As if out of a science fiction paperback, a team of California scientists have developed the world's first portable brain scanner. Upon further development the innovative tool may be able to read a person's mind.
NeuroVigil's Chairman Philip Low, named the instrument the iBrain and it is the world's first mobile brain scanner.
MIT's Technical Review Board named Low as one of the most promising innovators in 2010.
Low met Stephen Hawking at a conference and believes he was able to read the physicists thoughts with the scanner by fitting the mechanism over his head and attaching three electrodes.
At its current capacity, the scanner is capable of measuring unique neurological patterns connected to specific thought processes. Low hopes to eventually have a "large enough database of these brainwaves that a computer could essentially read a person's thoughts out loud."
The iBrain could also help medical professionals to benchmark and personalize levels of medication more accurately by basing the dosage on a person's brainwave responses. If this is true, then the iBrain could dramatically improve the lives of people afflicted with Schizophrenia, Alzheimer's, Depression, Autism, and sleep disorders.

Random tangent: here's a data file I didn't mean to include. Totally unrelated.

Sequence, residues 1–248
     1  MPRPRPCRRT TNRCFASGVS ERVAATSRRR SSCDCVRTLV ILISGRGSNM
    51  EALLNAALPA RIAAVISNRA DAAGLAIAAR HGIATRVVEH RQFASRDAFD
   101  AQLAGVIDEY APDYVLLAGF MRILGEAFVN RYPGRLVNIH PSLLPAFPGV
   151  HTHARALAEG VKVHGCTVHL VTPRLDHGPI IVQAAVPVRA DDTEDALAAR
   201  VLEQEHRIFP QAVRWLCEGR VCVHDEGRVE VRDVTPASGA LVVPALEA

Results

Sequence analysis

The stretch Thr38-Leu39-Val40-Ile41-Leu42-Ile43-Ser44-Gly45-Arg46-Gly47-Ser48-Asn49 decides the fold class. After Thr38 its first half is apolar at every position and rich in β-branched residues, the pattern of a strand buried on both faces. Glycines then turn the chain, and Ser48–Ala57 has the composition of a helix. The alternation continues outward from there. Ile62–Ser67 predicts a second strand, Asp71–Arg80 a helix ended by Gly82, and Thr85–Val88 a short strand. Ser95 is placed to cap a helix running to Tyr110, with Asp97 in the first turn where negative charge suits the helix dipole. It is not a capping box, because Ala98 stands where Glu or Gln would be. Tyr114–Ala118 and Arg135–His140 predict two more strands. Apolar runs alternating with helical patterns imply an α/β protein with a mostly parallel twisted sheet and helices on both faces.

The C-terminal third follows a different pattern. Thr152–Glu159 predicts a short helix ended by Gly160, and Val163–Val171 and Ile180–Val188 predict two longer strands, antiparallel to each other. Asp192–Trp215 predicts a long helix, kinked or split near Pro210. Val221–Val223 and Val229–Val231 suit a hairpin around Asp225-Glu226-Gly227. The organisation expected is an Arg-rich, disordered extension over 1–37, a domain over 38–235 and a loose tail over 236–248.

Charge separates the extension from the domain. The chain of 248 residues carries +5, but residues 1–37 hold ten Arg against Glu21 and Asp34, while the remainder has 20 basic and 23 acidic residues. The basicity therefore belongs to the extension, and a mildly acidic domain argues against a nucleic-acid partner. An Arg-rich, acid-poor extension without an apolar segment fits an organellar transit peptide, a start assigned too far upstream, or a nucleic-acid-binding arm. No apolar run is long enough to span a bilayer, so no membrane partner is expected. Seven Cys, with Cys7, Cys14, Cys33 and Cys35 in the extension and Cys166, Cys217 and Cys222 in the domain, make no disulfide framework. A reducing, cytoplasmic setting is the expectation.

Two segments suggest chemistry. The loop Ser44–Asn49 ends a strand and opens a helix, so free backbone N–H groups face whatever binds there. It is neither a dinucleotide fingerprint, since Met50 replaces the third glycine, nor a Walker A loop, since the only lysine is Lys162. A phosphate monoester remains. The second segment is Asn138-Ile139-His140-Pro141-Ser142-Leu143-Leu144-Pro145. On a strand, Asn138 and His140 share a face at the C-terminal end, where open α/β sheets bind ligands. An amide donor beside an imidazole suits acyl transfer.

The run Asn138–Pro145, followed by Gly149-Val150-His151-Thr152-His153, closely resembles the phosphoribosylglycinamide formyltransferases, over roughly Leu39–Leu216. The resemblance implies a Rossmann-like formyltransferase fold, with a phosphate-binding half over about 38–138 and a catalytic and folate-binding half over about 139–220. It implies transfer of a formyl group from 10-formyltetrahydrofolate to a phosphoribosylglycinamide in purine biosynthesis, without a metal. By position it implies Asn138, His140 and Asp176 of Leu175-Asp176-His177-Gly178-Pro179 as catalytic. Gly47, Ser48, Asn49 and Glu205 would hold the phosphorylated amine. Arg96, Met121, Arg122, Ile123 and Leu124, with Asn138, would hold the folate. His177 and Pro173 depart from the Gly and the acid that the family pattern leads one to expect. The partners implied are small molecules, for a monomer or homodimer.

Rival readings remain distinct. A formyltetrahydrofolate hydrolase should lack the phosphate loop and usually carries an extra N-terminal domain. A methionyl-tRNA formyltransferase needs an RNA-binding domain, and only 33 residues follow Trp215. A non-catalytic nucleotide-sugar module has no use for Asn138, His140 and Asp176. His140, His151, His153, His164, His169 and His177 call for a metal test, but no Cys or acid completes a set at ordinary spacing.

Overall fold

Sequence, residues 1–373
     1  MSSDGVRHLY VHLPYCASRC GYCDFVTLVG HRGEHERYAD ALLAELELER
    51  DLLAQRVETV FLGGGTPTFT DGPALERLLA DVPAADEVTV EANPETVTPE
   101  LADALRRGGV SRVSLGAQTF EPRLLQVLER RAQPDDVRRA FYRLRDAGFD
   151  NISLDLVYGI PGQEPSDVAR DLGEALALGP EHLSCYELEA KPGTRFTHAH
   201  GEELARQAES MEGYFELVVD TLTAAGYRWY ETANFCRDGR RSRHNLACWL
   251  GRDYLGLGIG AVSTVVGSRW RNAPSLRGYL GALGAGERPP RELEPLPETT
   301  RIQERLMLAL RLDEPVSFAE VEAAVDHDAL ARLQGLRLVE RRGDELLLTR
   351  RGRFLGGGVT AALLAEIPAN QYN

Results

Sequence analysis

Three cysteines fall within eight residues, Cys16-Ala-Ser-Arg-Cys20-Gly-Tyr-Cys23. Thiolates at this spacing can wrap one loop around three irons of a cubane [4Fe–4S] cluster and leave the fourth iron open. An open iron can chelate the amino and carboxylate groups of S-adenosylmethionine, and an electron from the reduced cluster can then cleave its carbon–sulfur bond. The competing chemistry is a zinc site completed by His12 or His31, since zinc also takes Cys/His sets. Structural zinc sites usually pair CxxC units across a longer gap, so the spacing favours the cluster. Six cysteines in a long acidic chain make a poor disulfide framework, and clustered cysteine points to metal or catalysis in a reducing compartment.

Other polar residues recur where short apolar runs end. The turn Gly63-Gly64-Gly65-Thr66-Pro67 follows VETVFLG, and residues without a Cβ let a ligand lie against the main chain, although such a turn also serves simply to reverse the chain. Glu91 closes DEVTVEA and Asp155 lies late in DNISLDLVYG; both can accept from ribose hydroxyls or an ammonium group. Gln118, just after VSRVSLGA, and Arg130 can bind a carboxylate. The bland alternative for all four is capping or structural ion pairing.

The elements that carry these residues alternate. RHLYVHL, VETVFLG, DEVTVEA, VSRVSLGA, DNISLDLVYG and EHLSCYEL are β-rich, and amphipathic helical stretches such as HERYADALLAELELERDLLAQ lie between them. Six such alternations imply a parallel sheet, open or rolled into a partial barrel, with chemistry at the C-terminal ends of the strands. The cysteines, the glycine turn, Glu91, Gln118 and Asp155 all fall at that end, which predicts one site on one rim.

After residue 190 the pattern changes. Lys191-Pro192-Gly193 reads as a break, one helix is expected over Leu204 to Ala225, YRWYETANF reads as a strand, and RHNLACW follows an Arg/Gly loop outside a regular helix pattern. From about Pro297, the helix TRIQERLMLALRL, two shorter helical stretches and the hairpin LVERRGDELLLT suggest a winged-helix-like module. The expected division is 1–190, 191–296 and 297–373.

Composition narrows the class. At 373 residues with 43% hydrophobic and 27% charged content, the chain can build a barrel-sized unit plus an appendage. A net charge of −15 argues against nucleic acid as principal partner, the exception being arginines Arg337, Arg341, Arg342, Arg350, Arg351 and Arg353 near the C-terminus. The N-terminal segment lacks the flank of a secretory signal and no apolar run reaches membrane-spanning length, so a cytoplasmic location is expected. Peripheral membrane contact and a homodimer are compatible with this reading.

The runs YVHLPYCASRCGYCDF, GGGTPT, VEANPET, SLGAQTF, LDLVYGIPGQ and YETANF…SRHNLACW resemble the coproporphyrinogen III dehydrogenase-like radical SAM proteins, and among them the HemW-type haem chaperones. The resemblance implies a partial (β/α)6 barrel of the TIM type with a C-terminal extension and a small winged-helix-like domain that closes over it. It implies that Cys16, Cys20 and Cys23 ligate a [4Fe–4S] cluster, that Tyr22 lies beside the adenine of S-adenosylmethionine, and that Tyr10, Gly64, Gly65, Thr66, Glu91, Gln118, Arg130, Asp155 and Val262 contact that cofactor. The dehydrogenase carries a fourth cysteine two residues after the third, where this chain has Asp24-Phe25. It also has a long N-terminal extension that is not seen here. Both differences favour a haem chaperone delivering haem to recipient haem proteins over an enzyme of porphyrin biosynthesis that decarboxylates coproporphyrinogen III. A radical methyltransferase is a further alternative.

Some doctors are referring patients with sleep disorders to wear the iBrain to bed so that their brain waves can be monitored. Wearing the iBrain is far more comfortable than the traditional method of hooking patients up to multiple electrodes because Low created an algorithm a half million lines long to reduce the amount of electrodes or EEGs down to just one. Because there are fewer EEGs, the device is far less bunchy and restrictive.
The iBrain transmits brain activity through a wireless cell phone to computers for analysis at NeuroVigil.
It will be interesting to see how this technology develops over the next decade.